Unless you’ve been hiding under a rock somewhere, you’ve read about recently released content-producing artificial intelligence programs that can draft a letter, create a PowerPoint, or write a chat message, or news article, or legal brief in about as long as it takes Google to do a basic search. The technology evidently represents a pretty amazing advance in the ability to rapidly sift through, synthesize, and reassemble reams of existing material to produce “new” content.
The reaction to these AI programs is even more interesting. Setting aside the articles that ring the legal alarm bells–there are issues galore under the copyright and trademark laws arising from where the AI-generated content comes from and whether it represents fair use, for example–the reactions seem to fall into two general camps. One reaction thinks the technology is like a super-cool new toy that can do a credible job of mimicking virtually every form of actual human work product, and goes on about how the new tech can be used to write a speech in 15 seconds that could then be given virtually without editing to an unsuspecting audience. The other camp presents dire forecasts about how the new software will eliminate the jobs of reporters, marketing professionals, and even lawyers, allow tech-savvy students to skirt any remaining vestiges of academic honor codes as they use the AI to write their papers, and cause other calamitous changes to life as we know it.
I think the predictions of calamitous consequences are probably overblown. Much of the clickbait content you see on the internet is so formulaic it has probably been produced by robots for years, and we know that one of the longstanding issues with Twitter has been how many of the tweets on the system are bot-generated. For high school and college students, the internet has already provided them with a handy tool they can use to avoid doing their own thinking and work, if they are so inclined. As for the pieces extolling the uber-coolness of the new AI programs, I suspect that the bloom will wear off, and people will tire of asking for and receiving generic writing.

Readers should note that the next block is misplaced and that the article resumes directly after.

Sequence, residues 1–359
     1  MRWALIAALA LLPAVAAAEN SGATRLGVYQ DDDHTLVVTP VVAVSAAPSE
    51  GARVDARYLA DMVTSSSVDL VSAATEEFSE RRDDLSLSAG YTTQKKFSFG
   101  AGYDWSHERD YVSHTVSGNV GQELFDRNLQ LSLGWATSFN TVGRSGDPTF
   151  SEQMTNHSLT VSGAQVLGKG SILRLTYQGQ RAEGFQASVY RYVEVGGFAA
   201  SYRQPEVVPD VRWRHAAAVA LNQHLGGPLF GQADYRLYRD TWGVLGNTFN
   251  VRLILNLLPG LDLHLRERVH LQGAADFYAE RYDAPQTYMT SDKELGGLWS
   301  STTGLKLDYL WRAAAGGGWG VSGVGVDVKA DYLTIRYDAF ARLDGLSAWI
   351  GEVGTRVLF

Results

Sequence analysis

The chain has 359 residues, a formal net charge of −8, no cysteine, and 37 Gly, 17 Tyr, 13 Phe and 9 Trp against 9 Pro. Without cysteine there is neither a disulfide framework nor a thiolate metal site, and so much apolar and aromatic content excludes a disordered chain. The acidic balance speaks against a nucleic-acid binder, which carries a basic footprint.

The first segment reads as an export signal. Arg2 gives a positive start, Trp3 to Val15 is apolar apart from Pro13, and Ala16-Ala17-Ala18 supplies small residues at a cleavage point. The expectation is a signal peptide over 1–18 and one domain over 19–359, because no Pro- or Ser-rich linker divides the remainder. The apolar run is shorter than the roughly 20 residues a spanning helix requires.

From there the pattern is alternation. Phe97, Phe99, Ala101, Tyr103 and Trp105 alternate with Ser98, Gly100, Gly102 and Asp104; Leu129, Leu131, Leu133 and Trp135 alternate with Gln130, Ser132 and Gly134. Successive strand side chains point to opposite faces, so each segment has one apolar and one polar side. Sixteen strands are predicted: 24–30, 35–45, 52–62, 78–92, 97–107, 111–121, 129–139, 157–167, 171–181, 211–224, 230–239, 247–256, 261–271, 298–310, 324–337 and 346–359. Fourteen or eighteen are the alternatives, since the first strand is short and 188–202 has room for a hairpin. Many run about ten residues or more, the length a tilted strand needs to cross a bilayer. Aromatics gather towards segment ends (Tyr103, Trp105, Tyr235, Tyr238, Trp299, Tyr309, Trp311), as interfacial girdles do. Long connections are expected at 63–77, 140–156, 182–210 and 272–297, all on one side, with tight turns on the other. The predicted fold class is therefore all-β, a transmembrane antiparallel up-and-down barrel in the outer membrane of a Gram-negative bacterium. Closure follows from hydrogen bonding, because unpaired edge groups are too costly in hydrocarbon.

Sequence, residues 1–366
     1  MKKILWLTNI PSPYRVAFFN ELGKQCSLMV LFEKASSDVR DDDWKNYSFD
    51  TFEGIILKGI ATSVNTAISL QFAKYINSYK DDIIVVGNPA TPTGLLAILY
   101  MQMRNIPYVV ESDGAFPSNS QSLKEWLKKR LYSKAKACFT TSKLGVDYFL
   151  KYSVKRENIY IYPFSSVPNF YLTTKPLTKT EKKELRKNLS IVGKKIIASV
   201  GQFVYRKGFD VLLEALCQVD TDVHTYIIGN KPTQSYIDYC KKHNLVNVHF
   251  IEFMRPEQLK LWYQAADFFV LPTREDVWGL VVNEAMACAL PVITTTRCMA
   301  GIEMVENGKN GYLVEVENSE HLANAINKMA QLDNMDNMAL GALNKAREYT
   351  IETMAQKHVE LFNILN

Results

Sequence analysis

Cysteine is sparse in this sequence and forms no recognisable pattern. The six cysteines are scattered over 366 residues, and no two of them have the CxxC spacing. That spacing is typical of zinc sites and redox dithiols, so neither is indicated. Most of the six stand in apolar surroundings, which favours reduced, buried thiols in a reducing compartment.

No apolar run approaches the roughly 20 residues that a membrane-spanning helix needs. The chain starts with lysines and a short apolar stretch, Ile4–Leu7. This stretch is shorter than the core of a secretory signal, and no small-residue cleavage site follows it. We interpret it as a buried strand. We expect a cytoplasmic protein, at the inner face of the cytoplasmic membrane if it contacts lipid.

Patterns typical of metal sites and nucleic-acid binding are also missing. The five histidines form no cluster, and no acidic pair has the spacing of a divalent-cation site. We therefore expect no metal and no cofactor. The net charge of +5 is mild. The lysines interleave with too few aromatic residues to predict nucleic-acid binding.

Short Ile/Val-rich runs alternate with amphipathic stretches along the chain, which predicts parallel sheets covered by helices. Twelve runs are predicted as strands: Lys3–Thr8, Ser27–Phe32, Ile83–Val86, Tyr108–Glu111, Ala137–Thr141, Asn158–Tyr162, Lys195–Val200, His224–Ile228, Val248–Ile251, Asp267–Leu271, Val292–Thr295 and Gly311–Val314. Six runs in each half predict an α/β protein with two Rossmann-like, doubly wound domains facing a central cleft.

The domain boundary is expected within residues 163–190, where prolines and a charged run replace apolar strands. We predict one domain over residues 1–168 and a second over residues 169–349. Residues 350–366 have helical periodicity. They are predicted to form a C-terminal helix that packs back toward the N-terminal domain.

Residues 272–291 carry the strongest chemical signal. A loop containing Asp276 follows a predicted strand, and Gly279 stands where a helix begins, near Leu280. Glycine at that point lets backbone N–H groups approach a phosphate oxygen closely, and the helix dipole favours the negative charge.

One question about the new AI that seems to be overlooked in all of the current buzz is why any well-intentioned person would want to use it. If, like me, you enjoy the process and act of writing, you’ll view the new AI programs as anathema. Part of the fun of writing is coming up with your own idea of what to write about, and the rest is trying to do honor to your idea and put something of yourself into the effort –to write a compelling paragraph, to think of just the right word or phrase to best express what you are trying to get across, and to tackle the other challenges involved in creating your own work. AI allows you to come up with the idea (like asking the AI to write a best man’s speech in the style of Winston Churchill) but the second part of the process–the part that stretches your brain and your vocabulary and, perhaps, your perspective on the world as well–is totally missed. Why would anyone want to pass off generic AI-generated content for content’s sake as their own work, and miss the opportunity to truly express their own thoughts in their own words?
I’ll never use these new AI programs because they eliminate the fun of writing. I enjoy facing the empty laptop screen and keyboard first thing in the morning and trying to come up with something to get my brain started for the day. If you read a post on WebnerHouse, you can always count on it–typos, triteness, predictably ill-advised opinions, and all–being the legitimate work product of an actual human being